Amazon CEO Jeff Bezos has announced his company plans to use ‘octocopter’ mini-drones to deliver goods for US customers – in just 30 minutes.
The ‘Prime Air’ system
is set to start running in four or five years. It requires
additional safety testing and federal approval.
"I know this looks like science fiction. It's not," Bezos told CBS television's 60 Minutes program.
The technology is “very green,” he indicated. “It’s better than driving trucks around.”
The drones are set to be able to deliver packages that weigh up to 5lbs (2.3kg), which represents roughly 86 percent of packages that Amazon delivers, Bezos told, as quoted by Reuters.
The drones will be powered by electric motors, and are set to cover an area of 16km in radius. Their operations will be carried out autonomously, with GPS transmitted to the devices.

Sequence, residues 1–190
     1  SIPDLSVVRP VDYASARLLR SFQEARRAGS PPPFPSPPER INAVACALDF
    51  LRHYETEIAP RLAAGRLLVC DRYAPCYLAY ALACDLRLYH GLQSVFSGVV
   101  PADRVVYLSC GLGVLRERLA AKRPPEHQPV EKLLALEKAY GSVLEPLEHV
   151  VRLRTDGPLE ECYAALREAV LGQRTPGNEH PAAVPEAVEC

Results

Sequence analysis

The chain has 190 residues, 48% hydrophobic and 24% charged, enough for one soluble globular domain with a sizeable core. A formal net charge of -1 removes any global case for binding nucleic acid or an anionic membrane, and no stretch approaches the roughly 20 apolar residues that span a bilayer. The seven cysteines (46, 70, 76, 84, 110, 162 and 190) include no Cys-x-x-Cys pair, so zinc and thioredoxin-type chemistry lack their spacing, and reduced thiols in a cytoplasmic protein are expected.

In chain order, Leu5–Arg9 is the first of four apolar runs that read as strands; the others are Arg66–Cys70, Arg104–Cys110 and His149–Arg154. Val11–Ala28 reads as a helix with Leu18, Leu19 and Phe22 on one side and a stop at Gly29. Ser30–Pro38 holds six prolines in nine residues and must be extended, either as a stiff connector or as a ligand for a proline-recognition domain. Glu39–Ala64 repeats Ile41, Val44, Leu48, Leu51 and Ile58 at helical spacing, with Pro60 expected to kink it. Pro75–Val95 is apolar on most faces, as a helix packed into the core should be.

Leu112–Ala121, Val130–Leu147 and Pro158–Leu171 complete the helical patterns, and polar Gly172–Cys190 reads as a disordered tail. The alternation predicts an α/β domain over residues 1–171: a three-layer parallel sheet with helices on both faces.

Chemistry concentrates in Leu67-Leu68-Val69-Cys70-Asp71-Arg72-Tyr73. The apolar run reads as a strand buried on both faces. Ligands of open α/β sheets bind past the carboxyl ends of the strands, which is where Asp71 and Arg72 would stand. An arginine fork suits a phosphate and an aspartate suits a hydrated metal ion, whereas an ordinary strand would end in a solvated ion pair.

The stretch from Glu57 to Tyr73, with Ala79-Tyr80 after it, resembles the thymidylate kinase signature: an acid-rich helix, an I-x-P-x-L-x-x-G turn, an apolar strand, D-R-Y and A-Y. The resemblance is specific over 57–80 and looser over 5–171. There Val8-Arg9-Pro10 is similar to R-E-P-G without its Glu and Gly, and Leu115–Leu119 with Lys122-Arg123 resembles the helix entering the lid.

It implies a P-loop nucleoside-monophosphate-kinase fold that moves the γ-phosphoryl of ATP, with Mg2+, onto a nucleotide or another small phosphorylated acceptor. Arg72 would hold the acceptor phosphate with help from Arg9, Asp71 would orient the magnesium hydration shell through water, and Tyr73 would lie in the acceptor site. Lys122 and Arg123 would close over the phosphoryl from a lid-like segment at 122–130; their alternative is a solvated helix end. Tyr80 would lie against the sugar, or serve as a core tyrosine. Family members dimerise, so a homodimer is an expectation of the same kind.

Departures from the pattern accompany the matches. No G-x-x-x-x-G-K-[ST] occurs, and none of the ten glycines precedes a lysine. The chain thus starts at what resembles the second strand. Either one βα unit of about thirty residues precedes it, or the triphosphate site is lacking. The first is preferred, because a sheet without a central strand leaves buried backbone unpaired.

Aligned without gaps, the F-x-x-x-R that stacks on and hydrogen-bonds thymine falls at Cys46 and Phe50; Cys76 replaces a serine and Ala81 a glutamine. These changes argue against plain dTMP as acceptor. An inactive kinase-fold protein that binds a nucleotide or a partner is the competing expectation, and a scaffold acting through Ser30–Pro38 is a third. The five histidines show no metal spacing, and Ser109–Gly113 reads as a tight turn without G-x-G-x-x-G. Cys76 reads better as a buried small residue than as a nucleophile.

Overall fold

Amazon said the octocopters would be "ready to enter commercial operations as soon as the necessary regulations are in place." The Federal Aviation is currently developing rules for unmanned vehicles.
The company in fact projected a more optimistic timeline than Bezos himself for the project to be activated, saying drones could commence deliveries as early as 2015.
The Amazon CEO’s statement comes about a month after the US Federal Aviation Administration (FAA) revealed a detailed scheme for drones to roam across American skies within the next two years.
The plan set September 2015 as a deadline for integrating UAVs into US airspace, and six possible drone test sites will be selected out of 26 proposed ones by the end of 2013.